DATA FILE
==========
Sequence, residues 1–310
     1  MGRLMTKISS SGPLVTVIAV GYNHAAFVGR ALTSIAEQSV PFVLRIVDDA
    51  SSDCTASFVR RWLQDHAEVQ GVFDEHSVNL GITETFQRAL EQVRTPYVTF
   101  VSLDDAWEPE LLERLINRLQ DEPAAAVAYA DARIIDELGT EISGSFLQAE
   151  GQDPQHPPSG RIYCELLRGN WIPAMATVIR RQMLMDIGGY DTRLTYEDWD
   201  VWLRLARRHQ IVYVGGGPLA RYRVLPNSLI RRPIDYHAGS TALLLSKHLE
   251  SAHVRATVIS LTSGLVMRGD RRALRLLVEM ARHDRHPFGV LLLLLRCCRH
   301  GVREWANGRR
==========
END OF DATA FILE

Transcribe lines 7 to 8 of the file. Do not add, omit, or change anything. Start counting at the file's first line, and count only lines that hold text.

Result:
   251  SAHVRATVIS LTSGLVMRGD RRALRLLVEM ARHDRHPFGV LLLLLRCCRH
   301  GVREWANGRR